Fish Hook

Tales and Treasures from the rich legacy of the Hudson’s Bay Company.
Written by Amelia Fay Posted May 7, 2024

This tiny ivory fish hook is a prime example of excellent design — it’s both functional and beautiful. Measuring only 5.0 centimetres long and 1.4 centimetres wide, it was carved into a fish shape. The artist even added eyes and a mouth! While I have seen eyes on other hooks, I have yet to see a mouth on similar fish-shaped examples from other museum collections. 

The hook was formed by bending a short iron nail through a piece of carved ivory. A small piece of bird quill sticks out where it was likely attached to a fishing line made from baleen. Baleen is the filter-feeding part of a baleen whale’s mouth and is made from keratin, the same material that makes up human fingernails. 

As with many items in the HBC Museum Collection, we know very little about this tiny fish hook. Based on the style, it was likely fashioned by an Inuit artist or maker; but we have no idea of exactly where across the vast Arctic it might have originated. The fish hook somehow made its way to a very prolific collector, Dr. W.E. Anderson, who ran a medical practice in Portage la Prairie, Manitoba. He eventually sold his collection to the Hudson’s Bay Company.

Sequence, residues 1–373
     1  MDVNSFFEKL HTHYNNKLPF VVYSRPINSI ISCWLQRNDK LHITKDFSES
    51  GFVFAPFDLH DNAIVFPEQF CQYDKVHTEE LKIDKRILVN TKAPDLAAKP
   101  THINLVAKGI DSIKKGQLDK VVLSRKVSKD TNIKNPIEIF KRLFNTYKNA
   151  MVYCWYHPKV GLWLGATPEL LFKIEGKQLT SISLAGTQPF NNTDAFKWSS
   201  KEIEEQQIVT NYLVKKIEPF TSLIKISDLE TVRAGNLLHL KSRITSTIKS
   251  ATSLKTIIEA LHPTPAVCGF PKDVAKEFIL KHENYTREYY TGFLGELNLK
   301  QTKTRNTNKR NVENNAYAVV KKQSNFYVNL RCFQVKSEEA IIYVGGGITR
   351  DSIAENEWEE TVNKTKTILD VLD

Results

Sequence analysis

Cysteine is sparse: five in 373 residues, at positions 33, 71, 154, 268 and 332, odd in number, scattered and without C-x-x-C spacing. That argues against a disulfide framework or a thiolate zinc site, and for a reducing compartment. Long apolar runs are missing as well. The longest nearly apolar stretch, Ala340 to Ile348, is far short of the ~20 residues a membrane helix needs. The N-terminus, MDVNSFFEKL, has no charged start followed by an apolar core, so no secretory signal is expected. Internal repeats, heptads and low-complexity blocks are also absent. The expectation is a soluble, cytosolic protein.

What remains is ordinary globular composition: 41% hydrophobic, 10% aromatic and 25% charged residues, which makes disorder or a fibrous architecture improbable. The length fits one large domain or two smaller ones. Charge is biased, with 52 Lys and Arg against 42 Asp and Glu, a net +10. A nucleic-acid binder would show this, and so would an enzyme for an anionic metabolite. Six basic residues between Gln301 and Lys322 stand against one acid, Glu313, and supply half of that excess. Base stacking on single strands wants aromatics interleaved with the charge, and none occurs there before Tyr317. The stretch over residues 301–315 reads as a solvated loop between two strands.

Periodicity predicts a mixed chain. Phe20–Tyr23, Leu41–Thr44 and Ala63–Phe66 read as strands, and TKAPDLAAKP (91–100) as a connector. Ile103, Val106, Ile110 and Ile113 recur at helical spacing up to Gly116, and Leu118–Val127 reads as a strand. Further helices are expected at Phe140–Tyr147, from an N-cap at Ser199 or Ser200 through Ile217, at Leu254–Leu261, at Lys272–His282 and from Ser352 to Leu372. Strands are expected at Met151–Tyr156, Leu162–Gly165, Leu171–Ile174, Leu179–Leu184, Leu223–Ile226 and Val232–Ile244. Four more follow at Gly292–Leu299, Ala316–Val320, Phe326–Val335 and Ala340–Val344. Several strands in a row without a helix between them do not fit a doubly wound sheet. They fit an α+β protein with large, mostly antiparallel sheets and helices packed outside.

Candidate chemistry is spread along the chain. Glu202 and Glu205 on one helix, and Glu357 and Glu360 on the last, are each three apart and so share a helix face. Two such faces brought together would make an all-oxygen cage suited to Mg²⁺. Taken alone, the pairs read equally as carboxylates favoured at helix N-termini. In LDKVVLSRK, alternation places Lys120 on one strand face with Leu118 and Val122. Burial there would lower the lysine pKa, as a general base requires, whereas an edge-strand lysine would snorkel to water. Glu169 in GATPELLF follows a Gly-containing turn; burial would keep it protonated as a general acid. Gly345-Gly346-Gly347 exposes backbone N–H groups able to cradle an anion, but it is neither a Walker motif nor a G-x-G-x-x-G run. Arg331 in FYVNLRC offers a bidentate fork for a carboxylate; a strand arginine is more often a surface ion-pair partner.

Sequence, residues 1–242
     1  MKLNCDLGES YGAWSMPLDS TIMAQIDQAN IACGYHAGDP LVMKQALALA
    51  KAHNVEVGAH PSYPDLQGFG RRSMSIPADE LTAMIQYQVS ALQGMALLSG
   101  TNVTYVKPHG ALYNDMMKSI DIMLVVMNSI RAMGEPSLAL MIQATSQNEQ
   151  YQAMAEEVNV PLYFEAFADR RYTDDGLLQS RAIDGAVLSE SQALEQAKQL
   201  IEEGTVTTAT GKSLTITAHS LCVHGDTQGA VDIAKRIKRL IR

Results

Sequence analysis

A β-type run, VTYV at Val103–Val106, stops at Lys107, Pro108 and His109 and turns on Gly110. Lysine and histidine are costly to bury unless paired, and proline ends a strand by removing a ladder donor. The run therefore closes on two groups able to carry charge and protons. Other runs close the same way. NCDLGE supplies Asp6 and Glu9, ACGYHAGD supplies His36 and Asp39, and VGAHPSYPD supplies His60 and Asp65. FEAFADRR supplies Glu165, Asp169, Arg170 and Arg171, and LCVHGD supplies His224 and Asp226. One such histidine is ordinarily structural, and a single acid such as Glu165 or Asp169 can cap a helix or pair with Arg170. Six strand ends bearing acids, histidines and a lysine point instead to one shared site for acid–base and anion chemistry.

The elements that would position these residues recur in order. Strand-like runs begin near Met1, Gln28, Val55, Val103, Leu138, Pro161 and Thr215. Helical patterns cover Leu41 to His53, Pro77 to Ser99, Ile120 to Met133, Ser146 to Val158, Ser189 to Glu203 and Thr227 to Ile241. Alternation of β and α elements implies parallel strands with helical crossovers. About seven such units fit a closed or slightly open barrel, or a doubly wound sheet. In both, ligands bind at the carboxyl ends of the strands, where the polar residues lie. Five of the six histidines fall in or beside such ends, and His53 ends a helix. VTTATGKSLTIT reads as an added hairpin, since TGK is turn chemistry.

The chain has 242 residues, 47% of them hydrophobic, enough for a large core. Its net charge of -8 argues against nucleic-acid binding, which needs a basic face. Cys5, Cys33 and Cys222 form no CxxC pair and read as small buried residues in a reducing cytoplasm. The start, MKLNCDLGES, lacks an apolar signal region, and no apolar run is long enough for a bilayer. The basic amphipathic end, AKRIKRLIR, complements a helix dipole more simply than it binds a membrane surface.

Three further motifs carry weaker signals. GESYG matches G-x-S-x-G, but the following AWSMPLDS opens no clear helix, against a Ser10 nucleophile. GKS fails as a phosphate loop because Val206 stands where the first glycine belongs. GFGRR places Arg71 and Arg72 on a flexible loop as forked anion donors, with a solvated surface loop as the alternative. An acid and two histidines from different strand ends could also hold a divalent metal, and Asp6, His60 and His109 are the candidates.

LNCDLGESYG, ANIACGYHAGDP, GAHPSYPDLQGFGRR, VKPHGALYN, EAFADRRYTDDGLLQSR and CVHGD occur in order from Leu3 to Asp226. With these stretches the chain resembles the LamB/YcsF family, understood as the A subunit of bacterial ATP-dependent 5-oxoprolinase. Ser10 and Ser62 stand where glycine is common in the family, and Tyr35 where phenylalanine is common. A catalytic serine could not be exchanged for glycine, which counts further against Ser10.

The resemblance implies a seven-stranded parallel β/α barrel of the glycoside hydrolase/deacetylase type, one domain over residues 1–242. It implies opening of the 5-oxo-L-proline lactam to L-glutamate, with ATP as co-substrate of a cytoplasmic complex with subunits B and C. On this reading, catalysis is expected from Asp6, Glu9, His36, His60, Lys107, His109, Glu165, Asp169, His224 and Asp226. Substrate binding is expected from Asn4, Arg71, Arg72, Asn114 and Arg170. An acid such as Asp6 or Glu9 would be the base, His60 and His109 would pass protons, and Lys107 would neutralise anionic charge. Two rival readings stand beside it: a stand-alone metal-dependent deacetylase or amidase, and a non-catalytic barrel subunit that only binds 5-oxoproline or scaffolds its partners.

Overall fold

You could win a free book!

Sign up for any of our newsletters and be eligible to win one of many book prizes available.

Help keep Canada’s stories strong (and free)

We hope you will help us continue to share fascinating stories about Canada’s past.


We highlight our nation’s diverse past by telling stories that illuminate the people, places, and events that unite us as Canadians, and by making those stories accessible to everyone through our free online content.


Canada’s History is a registered charity that depends on contributions from readers like you to share inspiring and informative stories with students and citizens of all ages — award-winning stories written by Canada’s top historians, authors, journalists, and history enthusiasts.


Any amount helps, or better yet, start a monthly donation today. Your support makes all the difference. Thank you! 

Amelia Fay is the curator of the HBC Collection at the Manitoba Museum.

This article originally appeared in the June-July 2024 issue of Canada’s History.

Related to Museums, Galleries & Archives